Subject: Re: Logical Volume Managers
To: Christian Limpach <chris@Nice.CH>
From: Bill Studenmund <firstname.lastname@example.org>
Date: 06/24/2000 23:23:03
On Tue, 20 Jun 2000, Christian Limpach wrote:
Note: you posted the same week as Usenix, a conference with a number of
NetBSD folks in attendance. :-)
> short description of the LinuxLVM:
> the LinuxLVM is similar to the IBM/Digital/HP LVMs. You create physical
> volumes (pv) on partitions or whole disks. You create volume groups (vg)
> which use one or more physical volume. Each volume group can contain
> multiple logical volumes (lv) which can be used like partitions. The
> allocation strategy uses physical extents (pe, fixed size blocks) on the
> physical volumes to allocate space for each logical volume.
> What's the preferred way to map such a storage organization onto the generic
> disk framework?
> My current implementation uses one softc containing one struct disk and one
> buffer pool. Each logical volume gets an independent disklabel (generated
> on the fly) with one unused and one 4.2BSD partition.
> Would it be better to use one softc for each volume group? Are there
> advantages to this solution? Memory usage would be higher since more memory
> would get allocated at boot (one struct disk and buffer pool for each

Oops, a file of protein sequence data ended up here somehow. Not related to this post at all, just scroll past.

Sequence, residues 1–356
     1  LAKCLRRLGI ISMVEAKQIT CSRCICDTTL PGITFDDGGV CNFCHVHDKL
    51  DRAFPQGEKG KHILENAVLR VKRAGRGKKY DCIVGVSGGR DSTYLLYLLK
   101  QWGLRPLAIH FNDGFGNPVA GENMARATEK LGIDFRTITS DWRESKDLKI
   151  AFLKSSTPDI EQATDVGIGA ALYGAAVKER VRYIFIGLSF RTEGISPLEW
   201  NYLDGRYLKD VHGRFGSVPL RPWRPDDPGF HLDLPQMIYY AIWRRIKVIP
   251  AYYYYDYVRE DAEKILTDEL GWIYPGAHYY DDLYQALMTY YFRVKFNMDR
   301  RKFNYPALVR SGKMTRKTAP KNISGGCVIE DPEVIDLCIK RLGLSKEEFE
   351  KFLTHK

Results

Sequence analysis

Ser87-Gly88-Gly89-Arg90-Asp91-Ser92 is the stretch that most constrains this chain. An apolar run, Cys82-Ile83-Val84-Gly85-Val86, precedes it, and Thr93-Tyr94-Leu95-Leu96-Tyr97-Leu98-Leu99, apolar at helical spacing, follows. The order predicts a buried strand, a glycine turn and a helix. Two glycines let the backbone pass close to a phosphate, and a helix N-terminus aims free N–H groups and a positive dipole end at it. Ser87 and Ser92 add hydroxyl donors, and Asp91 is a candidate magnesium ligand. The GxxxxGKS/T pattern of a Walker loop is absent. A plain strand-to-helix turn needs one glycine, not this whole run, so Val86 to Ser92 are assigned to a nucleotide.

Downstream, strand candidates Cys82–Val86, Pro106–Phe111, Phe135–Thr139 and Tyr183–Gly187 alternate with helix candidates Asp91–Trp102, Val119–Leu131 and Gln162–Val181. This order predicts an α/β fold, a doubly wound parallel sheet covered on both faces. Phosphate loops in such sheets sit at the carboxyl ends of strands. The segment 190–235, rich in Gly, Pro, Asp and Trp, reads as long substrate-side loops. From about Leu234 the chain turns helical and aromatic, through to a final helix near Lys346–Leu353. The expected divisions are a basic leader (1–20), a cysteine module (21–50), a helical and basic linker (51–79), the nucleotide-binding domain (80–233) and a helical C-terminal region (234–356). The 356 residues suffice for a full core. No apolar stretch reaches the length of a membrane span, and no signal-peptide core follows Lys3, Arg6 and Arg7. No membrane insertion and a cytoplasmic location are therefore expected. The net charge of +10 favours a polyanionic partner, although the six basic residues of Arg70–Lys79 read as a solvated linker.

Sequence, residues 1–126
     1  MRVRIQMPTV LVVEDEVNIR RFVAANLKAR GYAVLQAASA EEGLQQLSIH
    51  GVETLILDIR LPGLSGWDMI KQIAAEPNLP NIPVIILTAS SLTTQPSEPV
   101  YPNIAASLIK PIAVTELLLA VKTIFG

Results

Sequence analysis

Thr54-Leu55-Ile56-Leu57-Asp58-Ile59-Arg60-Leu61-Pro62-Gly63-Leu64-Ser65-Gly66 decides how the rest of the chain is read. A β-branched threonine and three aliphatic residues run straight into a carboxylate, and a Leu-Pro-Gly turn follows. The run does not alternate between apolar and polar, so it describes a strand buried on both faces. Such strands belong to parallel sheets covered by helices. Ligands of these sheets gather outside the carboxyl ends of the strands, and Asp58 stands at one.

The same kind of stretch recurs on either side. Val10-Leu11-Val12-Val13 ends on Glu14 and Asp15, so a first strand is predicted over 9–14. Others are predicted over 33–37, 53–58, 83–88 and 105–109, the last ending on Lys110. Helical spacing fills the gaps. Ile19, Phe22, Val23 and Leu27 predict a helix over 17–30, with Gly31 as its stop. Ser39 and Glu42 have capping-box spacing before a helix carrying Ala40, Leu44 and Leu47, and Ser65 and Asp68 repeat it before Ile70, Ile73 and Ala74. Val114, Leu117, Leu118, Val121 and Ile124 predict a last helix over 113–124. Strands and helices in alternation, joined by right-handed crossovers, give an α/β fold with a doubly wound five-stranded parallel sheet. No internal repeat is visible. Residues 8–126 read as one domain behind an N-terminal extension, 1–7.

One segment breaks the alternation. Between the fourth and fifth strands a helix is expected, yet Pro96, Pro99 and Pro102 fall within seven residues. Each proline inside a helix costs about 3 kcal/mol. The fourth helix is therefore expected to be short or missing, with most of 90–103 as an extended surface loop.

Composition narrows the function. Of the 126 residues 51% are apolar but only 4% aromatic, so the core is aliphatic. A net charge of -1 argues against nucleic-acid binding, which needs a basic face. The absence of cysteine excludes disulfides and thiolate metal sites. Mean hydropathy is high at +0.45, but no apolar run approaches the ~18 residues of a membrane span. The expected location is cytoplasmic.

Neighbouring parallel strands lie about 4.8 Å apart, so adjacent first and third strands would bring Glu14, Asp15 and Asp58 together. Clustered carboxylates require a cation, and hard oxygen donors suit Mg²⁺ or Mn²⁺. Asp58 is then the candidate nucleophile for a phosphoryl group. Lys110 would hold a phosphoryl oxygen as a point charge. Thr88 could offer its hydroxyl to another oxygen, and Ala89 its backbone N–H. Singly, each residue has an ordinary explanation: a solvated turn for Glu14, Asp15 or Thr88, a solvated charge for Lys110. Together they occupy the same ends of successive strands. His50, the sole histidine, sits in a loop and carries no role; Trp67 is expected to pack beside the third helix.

> possible vg).
You've kinda muddled questions here. It's one question to have a softc per
vg, one overal, and one per lv. It's another quesiton at to what is in
each softc. If you need per-vg, per-pv, and per-lv storage, then you need
three softc's. :-) Well, three sets of private storage.
What exactly is a buffer pool? I think one struct disk per vg is no big
> What about one softc for each logical volume? Since there's one disklabel
> for each logical volume, this would be logical. But this solution has even
> higher memory usage. I have used one disklabel for each logical volume to
> avoid running into the problem of too many partitions per volume group if
> there was one disklabel for each volume group.
Why use disklabels?
Disklabels are one way to divide up a disk, and LVM's are another. Each lv
is used in ways similar to a partition, so it doesn't make sense to me for
them to be subdivided.
How are you divvying up device numbers? I'd have thought an LVM would just
grab one major device number for lv's, and each lv, as found, would get a
particular minor number. You wouldn't need to be doing the unit/partition
What does the LVM do here?
> Why does ccd allocate a limited number of softc's and not only allocate the
> softc when the device is configured? Configuring a ccd allocates memory
> anyway, so if there's none available, the bit allocated at boot won't be
> enough anyway.
ccd's are pseudo-devices, and pseudo-devices are staticaly allocated at
boot. There's nothing which will come along and say, "oh, I found a ppp on
this bus," so they are treated a little different in the configuration
I'm not sure, but I think it'd be fine to make vg's pseudo-devices (you'll
probably have a good handle on the number of vg's you'll have around at
config time). Also, I think you can use the config framework to find lv's
under vg's (if not, you can probably talk Jason into doing it).